There are stories all around about travelers in trouble who stop for the night at houses where they’re fed and cared for and given a place to sleep until morning–only to find out later that the house wasn’t there at all, and they were welcomed in by ghosts. This is one such, from Grafton, West Virginia, and is told in the great Ruth Ann Musick’s 1977 book Coffin Hollow and Other Ghost Tales.
A young man traveling on horseback through the countryside around Grafton found himself caught in a thunderstorm after dark. Desperate for someplace to stay, out of the cold rain and striking lightning, he came up on a big old manor house. Leaving his horse on the porch, he knocked on the door and then found that it was unlocked. He pushed it open with a mighty shriek of hinges and called into the spacious entrance hall, “Hello! Anybody home?”
No one answered. He went into an inner room–a well-furnished one, again to his surprise–and was just about to fall into an exhausted sleep on a big comfortable chair when, dead on midnight, a young girl carrying a lantern came down the staircase out in the hall. She looked in at him, and, embarassed, he explained his plight. The girl didn’t say a word; she only smiled, and walked away toward the back of the house. Shortly, she returned with a plate of hot food and a pot of steaming coffee.
He ate and drank, and the girl stood and watched him. She never spoke, but she smiled. The smile was a bit unnerving, but the food was good, and he ate every bite. When he was done, she carried plate and coffeepot away, and the young man fell asleep in his chair.
When he woke, late the next morning, he found the smiling girl standing there with a hot breakfast. By now he had decided that she must be a deaf-mute, as the hearing and speech-impaired where known–politely–in those days, so he didn’t try to make conversation with her. He ate breakfast, thanked her, and left, finding his horse rested and–surprisingly–fed and groomed.
He rode on toward Grafton. At the city limits, he ran into trouble.
A mob met him at the edge of town. Over his protests they dragged him off to the local jail. There he was informed, by the sheriff, that an old man, a local resident, had been badly beaten the night before and was near death. The whereabouts of all strangers in town were being checked, and he was one such.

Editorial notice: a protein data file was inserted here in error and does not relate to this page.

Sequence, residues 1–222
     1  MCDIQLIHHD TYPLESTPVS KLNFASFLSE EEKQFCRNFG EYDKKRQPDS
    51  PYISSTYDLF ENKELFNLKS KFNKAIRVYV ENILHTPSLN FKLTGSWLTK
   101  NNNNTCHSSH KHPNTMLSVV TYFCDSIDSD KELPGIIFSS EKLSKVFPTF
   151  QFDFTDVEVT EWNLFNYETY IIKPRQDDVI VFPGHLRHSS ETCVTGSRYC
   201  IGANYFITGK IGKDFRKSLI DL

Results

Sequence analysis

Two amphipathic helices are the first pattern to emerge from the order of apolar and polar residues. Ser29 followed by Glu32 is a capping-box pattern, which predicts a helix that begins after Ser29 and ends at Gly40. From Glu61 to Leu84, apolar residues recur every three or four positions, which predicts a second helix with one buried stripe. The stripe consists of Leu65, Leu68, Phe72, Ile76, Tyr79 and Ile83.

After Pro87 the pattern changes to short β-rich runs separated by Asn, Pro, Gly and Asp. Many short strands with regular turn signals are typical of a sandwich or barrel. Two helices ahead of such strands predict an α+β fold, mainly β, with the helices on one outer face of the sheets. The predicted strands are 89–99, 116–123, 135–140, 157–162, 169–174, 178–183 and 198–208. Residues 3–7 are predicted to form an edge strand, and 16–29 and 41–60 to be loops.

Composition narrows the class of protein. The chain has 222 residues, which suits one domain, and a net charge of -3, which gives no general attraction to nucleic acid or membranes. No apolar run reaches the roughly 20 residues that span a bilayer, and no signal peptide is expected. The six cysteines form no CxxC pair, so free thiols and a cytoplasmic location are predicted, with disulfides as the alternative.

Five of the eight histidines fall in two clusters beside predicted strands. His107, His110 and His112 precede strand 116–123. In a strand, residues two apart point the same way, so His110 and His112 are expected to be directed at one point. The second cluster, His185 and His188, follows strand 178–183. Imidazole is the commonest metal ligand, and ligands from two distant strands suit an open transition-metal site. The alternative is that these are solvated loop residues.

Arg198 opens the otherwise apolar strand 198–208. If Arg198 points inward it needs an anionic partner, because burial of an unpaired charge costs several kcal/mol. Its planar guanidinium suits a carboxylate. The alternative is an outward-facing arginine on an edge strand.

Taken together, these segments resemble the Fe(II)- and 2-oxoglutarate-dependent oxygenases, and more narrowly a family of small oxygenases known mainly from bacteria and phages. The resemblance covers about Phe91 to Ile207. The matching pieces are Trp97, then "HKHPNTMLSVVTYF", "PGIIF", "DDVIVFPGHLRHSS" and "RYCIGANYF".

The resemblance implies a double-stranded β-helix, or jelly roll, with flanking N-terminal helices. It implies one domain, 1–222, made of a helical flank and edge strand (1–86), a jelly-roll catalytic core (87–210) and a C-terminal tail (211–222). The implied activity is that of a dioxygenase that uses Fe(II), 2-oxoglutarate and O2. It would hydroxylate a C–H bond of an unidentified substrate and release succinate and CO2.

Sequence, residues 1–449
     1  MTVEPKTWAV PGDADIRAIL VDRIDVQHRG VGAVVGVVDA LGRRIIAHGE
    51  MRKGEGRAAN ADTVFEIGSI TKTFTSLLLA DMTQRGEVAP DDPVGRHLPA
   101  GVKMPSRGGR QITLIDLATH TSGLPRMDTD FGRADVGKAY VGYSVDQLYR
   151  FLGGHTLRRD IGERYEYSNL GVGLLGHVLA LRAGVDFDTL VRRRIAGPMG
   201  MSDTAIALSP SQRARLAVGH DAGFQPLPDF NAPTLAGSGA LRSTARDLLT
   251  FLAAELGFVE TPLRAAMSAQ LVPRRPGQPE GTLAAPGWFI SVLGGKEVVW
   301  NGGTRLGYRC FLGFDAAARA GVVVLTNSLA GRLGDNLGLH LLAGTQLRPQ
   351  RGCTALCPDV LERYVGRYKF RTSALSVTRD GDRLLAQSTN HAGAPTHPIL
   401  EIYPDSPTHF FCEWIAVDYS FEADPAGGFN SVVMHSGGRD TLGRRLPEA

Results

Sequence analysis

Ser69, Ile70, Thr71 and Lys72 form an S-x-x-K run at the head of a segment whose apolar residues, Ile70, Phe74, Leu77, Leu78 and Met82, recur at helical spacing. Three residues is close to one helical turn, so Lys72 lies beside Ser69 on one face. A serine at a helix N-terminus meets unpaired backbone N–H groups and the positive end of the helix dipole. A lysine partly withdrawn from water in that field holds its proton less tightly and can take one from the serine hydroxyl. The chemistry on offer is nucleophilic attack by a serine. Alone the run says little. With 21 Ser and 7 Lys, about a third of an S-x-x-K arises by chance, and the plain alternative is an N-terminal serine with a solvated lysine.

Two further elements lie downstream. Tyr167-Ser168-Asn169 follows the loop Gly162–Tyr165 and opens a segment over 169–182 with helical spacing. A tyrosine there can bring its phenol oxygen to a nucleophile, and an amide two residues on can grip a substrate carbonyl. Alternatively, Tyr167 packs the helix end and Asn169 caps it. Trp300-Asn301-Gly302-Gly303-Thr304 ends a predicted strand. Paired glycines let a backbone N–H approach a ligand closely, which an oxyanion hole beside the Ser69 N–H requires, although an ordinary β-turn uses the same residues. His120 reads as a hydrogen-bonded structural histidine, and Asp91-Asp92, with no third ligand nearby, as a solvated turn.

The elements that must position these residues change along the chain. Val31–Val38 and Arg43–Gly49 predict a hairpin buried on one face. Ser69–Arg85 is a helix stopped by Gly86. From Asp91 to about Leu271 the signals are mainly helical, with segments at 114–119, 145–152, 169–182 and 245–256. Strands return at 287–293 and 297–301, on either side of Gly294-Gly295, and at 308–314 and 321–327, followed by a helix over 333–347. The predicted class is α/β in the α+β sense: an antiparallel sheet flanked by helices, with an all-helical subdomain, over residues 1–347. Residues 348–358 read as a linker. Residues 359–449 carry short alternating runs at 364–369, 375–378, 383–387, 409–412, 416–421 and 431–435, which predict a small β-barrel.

He told the sheriff, unhesitatingly, about the big house where he’d spent the night, and about the girl who had never said a word but simply smiled.
“Cain’t be so,” the sheriff said. “You’re a-talkin’ about the Cathcart place, and it burnt to the ground five years ago. The girl would be Ol’ Man Cathcart’s daughter Melissa. She died in the fire, and he got burnt awful bad tryin’ t’ save her. Died later in the hospital.”
“No,” the young man protested. “That house was real as you or me! And so was that girl.”
The sheriff shook his head. “Let’s take a ride.”
They rode back out to the place where the young traveler had spent the night, and sure enough, the big house was no more than a burnt-out shell.
Things looked bad for the young man. The sheriff told him the story of the fire as they rode back: how there was suspicion that it had been set by a man called Charlie Pickens–the very man, incidentally, who had nearly been beaten to death the night before. He had been angry because his son had fallen in love with and planned to marry Melissa Cathcart, who was regarded locally as a “mite tetched in the head” because of that unnerving and constant smile she wore. Without supporting evidence, though, there was no way to convict Pickens, and he went free.
The young man had an idea. “Let’s go see if Pickens is conscious,” he said. “Maybe he can tell us who beat him, and that’ll clear me.”
Pickens was indeed conscious, but he was dying. With his breath coming hard and his eyes already beginning to set in death, he told the sheriff that there was no mistake: he had been beaten by Old Man Cathcart, five years in his grave. He added that he had, indeed, been the one who had set the fire that killed Melissa outright and led to her father’s death, and reminded the sheriff of Cathcart’s last words: “The man that done this t’me and Melissa is gonna pay–if I have to come back from the grave to do it.”
Pickens fell back on the pillows, and suddenly, a great cloud of black smoke came from his mouth, then flames erupted around his body. Before the horrified sheriff and traveler could yell for help, flames and smoke vanished–but Pickens’s body was burnt to an absolute crisp.
As they stood aghast, they heard a man’s laughter, and then a voice. All it said was “Ha! I GOT ‘IM!”
The young traveler was released from custody, and rode away.
And after Pickens’s gruesome death, no one ever reported entering the Cathcart house, or seeing the smiling girl, again. Its ruins eventually collapsed into the dirt, and the site was lost.